11. Agreed on most fronts, but I think you’re missing one key thing about Choo: he absolutely CRUSHES right handed pitching. We’re not talking a normal platoon player here that’s merely good against opposite-handed pitchers. By wRC+ against RH over the last three years, Choo ranks fourth in all of baseball behind Cabrera, Votto, and Cano. Simply, he can be the best hitter in the lineup in the majority of games. I think $100 for Choo is perfectly reasonable, but he’d only make sense for the Mariners if they get a cheap RH centerfielder and put Choo in a corner (i.e. not getting Ellsbury).

  12. Now Cano wants a 10 year, $305 million contract. The madness continues.

  13. JAC- Will you also be running a ‘trade targets’ story with what you’d be willing to give up, as you did last year?

  14. Hart is willing to give a big discount to stay in Milwaulkee, so he’s probably not even in consideration, at this point.

  15. I though Hart could be an interesting platoon partner at 1B for Smoak. If he’s healthy (bug if), he’d be a good addition.

    I hope the M’s start taking advantage of platoons more.

  16. Why would McCann want to DH? He’ll get offers to be a full-time catcher. There are few guys out there who would accept being a DH, if they are able bodied. And, Zunino is the future, end of story.

  17. I don’t think Zunino has proved he is ready for full-time prime time. Splitting time with McCann would be a positive. McCann had shoulder surgery and DHing would help preserve his catching life. Once Zunino earned full time status, McCann could catch 2 times week. Plus the righty/lefty catching duo would be nice. I would like to be overloaded at a position for once instead of having a AAAA players or a young kid brought up too early, or a veteran on his last leg. Five years of McCann could not hurt the M’s, espeically compared with what they have brought in the last 5 years.

  18. Why wouldnt they bring in someone to help Zunino he has a ways to go on defense from what oi see aklot oif missed balls doesnt shift well hitting 210 yes he is young but your here you have to produce even if JZ brought you up 1/2 year to quick.

  19. I’ll get into the free market as a whole in a week or so. I do expect Chris Young’s option to be declined and he’s interesting for me one of my top “smart and fairly cheap” option I will be suggesting.

    Neither Hart nor Delmon interest me in the slightest, not even for $1 million.

    Nelson Cruz? As a DH, yes. Rather have Morales.

    Mark Reynolds could be another piece to a platoon puzzle. Reynolds and Smoak at first base could work.

  20. Jason-

    What about F/A we are not talking about. Delmon Young, Cory Hart, Nelson Cruz, Chris Young, Mark Reynolds, Alexi Casilla, Geovany Soto, Kurt Suzuki.

  21. Do the recent failures of the Angels and to a lesser degree the Blue Jays make teams think twice before throwing around crazy money on an aging free agent? I like Choo, and would be willing to overpay to get him, but no way I go more than three years with a 4th year option.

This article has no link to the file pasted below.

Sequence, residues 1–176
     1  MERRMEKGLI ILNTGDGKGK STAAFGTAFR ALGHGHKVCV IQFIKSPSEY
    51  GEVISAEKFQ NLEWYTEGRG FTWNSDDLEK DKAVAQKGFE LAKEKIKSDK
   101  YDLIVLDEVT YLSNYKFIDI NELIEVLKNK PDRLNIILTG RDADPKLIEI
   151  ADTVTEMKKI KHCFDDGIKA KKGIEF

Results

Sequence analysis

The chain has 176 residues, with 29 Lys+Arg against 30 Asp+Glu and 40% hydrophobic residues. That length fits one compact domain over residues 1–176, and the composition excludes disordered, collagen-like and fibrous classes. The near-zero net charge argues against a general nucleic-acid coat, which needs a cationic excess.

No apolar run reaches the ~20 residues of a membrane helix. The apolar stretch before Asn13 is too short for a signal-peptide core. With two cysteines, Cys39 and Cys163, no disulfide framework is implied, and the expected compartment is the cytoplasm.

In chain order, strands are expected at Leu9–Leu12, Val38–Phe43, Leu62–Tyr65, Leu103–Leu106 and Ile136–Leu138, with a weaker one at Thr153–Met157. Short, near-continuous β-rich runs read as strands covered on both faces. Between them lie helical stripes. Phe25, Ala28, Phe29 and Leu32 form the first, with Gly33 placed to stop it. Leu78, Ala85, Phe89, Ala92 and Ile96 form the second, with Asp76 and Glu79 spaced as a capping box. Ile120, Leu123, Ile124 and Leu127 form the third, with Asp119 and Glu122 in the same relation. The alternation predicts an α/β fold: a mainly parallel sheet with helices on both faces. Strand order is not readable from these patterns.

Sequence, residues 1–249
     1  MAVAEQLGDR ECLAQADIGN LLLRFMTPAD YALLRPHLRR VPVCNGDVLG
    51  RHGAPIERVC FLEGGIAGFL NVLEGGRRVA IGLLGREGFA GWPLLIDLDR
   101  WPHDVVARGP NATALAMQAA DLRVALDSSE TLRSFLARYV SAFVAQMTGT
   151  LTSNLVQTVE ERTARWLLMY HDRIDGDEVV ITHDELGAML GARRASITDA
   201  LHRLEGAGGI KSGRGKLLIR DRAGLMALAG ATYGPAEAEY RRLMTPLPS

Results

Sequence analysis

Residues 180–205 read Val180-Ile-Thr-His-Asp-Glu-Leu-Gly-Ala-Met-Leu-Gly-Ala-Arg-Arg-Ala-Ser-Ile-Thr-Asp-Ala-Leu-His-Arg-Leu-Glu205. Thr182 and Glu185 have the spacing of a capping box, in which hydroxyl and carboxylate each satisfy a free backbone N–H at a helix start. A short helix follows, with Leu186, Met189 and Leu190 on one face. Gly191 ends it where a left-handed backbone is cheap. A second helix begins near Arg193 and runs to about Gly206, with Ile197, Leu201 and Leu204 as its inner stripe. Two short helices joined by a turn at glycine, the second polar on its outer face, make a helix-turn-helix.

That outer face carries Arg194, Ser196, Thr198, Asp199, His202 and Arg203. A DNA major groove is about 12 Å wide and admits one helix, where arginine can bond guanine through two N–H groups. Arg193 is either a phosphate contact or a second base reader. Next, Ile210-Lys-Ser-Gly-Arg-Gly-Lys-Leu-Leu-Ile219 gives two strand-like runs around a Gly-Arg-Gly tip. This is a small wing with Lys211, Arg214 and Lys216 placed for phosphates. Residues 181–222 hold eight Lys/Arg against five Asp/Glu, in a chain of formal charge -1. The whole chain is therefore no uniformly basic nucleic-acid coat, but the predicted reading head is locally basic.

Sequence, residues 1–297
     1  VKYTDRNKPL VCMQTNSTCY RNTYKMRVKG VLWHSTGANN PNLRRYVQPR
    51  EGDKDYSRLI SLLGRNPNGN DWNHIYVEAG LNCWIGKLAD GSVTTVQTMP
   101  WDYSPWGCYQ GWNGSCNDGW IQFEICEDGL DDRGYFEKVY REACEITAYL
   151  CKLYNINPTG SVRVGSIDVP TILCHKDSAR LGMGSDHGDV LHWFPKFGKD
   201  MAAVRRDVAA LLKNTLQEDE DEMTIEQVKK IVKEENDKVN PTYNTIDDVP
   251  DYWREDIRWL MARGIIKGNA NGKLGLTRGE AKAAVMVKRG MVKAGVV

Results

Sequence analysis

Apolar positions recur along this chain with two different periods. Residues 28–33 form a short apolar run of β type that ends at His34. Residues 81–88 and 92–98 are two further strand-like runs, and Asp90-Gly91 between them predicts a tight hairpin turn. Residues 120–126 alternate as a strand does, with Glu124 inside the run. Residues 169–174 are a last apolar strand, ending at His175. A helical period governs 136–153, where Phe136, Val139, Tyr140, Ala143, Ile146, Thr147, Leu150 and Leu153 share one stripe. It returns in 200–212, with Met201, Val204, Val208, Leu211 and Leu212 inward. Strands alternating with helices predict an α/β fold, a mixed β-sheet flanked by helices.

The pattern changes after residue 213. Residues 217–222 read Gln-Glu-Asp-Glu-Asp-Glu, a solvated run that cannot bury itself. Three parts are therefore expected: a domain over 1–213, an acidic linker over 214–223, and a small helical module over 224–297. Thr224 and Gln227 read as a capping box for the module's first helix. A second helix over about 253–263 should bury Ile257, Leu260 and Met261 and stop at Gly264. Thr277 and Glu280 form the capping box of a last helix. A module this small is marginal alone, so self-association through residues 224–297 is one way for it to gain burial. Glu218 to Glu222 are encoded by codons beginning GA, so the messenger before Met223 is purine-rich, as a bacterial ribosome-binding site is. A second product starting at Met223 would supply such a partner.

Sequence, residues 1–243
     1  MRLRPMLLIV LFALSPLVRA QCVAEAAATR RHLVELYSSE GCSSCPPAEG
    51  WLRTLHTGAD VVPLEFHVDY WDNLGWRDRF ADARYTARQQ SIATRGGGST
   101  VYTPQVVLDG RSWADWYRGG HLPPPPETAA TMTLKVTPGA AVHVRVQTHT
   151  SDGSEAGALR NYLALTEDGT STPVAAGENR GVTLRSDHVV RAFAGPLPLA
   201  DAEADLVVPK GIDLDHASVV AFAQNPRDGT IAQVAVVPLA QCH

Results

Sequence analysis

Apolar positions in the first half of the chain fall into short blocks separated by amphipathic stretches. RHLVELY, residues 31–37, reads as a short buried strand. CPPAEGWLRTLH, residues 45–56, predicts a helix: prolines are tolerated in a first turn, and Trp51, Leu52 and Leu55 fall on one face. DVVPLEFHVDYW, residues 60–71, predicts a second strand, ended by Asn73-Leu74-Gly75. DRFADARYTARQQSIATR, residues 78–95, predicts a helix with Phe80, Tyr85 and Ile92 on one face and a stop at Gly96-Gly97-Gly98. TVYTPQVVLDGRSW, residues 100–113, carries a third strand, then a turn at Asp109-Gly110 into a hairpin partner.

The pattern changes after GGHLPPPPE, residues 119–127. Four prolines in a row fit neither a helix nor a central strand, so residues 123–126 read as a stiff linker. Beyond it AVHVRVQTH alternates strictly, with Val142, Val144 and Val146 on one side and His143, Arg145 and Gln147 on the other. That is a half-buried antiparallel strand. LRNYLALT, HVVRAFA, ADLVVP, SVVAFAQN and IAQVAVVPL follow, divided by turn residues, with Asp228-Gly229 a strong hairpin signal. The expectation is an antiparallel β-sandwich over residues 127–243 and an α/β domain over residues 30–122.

What team would break the bank for Choo? Dodgers, Yankees, and Red Sox will have no interest. I guess it just takes one crazy owner with an itch to scratch for him to get his money, but I don’t see it.

    Boras is going to have to earn his money on this one, because I think Choo ends up signing for 3 or 4 years at 45 to 60 million.

  22. And, they aren’t going to bring in anyone to take playing time away from Zunino.

  23. I don’t know that there’s much chance McCann, a Georgia native, signs in Seattle.

  24. Jason
    How about Brian McCann to catch 4 times a week and ease the stress on the body by DHing. The 14 million you don’t pay Morales/Ibanez will help with the overpay to get McCann. Gives Zunino time to fit into the starting role, while gradually giving McCann more DH duties (could always play first if necessary). The M’s would have a solid player for a number of years, an all-star and silver slugger. At least he’d be a veteran on the roster for more that a year. Give the M’s a chance to find a few other proven veterans. Of course, the Georgia native would have to be talked into coming to Seattle. Thats Bones Buhner’s job because obvisiouly, we don’t have a GM capable of it. Or is this just a stupid pipe dream by a disgruntled fan?

  25. Yes, that may be the market — I doubt it gets to $100m in actuality, but … — but that doesn’t mean you pay it. If adding Choo polishes off your roster, maybe. But only then does spending that kind of money on a 31-year-old corner outfielder with severe platoon splits make any sense at all.

  26. Jason I agree,

    However that is the market now. Anyone who is of his caliber or even slightly lower is going to ask for that. Reason, I call it the Dodger spill off. Agents see that and use it as a guide. Much like that of the Yankees in the late 90’s and yearly 10’s. The bar has been raised wether they are worth it or not. 105 Mill for 6 years 17.5 a year till Choo he is almost 38. first 3-4 year you should get what it is worth(by todays prices) the next 2-3 years after that, your going to have it as a handcuff.